In this study, we constructed a cell model with high expression of AR through transfecting plasmid pHAR into COS-7 cells. The brown positive signals in Figure 2A show the expression of AR in transfected cells. In contrast, no positive signal was detected in the control group transfected with the empty vector (Figure 2B). In order to visually assess the transfection efficiency of plasmid pHAR more directly, another group of the same cells was transfected with plasmid pHAG containing AR gene and EGFP fusion gene. The rich green fluorescent signals in cells which transfected with pHAG can be observed in Figure 2C. Moreover, with flow cytometry analysis, the gene transfection efficiency was measured to be 53.73%. On the whole, the results suggest that a high AR expression cell model was successfully constructed.
Figure 3 compares two different QD-based immunofluorescence methods used to label the AR expression in cells, where two different QD conjugates, QDs-605 conjugated to streptavidin (QD–SA, Figure 3A) and QD620 conjugated to anti-AR (QD–anti-AR, Figure 3B), were used. The red signals in Figure 3A and B not only show high expression of AR in the cells, but also reveal its expression located in the cells’ cytoplasm and membrane, while there are no red signals in Figure 3C. In addition, the red signals distributed in Figure 3A are more uniform than the red signals in Figure 3B. As a comparison, the technological process of QD–SA requires a longer time and more steps than that of the QD–anti-AR conjugates, but has better specificity and labeling effect.
Expression of TLR4 and AR in renal tissues of rats
In order to explore the pathogenesis of DN, a type 2 diabetes mellitus rat model was established by feeding rats a HFD and administering them a low-dose STZ injection. The general conditions (blood glucose, weight, proteinuria, and so on) of rats and the renal pathological changes were detected to verify whether the model succeeded or not. Compared with the normal control rats, higher blood glucose, lower weight, and severe proteinuria were observed in the HFD–STZ-induced diabetic rats. Moreover, as shown in Figure 4, the diabetic rats exhibited glomerular enlargement (Figure 4A, red arrow) and mesangial matrix expansion – notably, the most obvious change was the tubules which experienced swelling and extensive vacuolar degeneration (Figure 4B, black arrow). This indicates that the diabetic rat model was established successfully and early renal pathological changes could be found in the diabetic rats.
Figure 4 Hematoxylin and eosin staining of the renal cortex of (A) normal rats and (B) diabetic rats. The red arrow indicates the glomerulus and the black arrow indicates the tubule.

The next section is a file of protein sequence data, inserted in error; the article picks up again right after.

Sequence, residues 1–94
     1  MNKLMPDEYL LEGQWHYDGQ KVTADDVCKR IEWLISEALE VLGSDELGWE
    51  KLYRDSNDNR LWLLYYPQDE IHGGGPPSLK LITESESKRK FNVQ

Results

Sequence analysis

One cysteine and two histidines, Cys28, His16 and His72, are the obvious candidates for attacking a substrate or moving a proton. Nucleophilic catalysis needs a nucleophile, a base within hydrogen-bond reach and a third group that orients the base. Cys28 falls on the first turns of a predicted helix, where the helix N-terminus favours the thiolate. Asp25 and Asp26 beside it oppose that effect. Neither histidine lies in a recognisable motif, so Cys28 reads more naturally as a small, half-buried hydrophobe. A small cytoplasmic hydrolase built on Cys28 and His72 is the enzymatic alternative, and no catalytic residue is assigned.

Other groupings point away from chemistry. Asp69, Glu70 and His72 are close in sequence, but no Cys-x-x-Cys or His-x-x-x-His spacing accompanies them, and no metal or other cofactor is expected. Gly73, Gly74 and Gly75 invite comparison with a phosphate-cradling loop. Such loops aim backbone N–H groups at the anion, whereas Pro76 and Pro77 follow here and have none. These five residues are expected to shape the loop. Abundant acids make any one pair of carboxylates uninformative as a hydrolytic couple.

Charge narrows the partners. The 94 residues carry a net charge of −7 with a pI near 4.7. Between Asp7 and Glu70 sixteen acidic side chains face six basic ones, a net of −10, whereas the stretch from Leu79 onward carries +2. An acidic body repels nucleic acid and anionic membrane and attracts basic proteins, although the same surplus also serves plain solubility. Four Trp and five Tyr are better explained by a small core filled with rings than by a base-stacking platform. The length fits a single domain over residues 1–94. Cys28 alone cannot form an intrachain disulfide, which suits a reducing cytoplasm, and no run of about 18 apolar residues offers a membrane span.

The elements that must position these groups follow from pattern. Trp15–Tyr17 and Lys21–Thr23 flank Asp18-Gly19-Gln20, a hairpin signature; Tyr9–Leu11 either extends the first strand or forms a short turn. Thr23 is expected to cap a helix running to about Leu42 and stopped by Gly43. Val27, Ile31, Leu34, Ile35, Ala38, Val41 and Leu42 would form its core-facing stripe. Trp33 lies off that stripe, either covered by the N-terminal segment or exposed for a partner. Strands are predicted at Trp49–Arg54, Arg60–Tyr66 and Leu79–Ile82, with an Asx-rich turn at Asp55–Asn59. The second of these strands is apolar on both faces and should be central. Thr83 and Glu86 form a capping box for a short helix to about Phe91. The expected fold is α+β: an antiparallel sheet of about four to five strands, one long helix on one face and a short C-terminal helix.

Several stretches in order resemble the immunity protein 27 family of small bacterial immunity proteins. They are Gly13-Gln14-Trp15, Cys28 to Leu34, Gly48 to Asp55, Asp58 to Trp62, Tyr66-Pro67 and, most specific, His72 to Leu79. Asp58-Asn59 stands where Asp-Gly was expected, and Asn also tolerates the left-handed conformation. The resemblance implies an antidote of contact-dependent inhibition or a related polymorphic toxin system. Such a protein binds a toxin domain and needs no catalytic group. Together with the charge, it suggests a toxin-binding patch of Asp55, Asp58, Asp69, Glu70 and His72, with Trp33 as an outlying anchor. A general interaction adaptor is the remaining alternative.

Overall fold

TLR4 expression was examined in some paraffin-embedded sections of rats’ renal tissues by conventional IHC and QD immunofluorescence. Strong brown positive signals of TLR4 in the renal cortex tubules, predominantly in the tubules which experienced swelling and extensive vacuolar degeneration, were detected in tissues from diabetic rats (Figure 5D), but little staining was observed in tissues from the control group (Figure 5A). In order to verify the labeling effect of QD immunofluorescence intuitively, renal tissue sections from the same rats were assessed for the expression of TLR4 by IHC staining with DAB, QD–SA, and QD–anti-TLR4 conjugates. In addition, the same visual fields of the renal tissue sections stained using the different three methods were selected for imaging evaluations. The results show that the expression of TLR4 stained by both QD–SA (Figure 5B and E) and QD–anti-TLR4 conjugates (Figure 5C and F) were completely consistent with conventional IHC in the expression sites, with similar intensity. These results suggest that the expression level of TLR4 protein in DN was upregulated and the QD-based immunofluorescence displays a satisfying effect, with lower nonspecific staining compared to conventional IHC.
Figure 6 shows the AR expression which was detected in the renal tissues of the rats by conventional IHC and QD immunofluorescence. The strong brown positive signals from conventional IHC were consistent with the bright red signals of QD–SA immunofluorescence representing AR expression in the renal tissues of diabetic rats. The staining was mainly located in the glomerular capillary (Figure 6C and G) and the interstitial capillary (Figure 6D and H). As a comparison, weak brown positive signals of AR expression were observed in normal rats. This indicates the expression level of AR was upregulated in the renal capillary of the diabetic rats.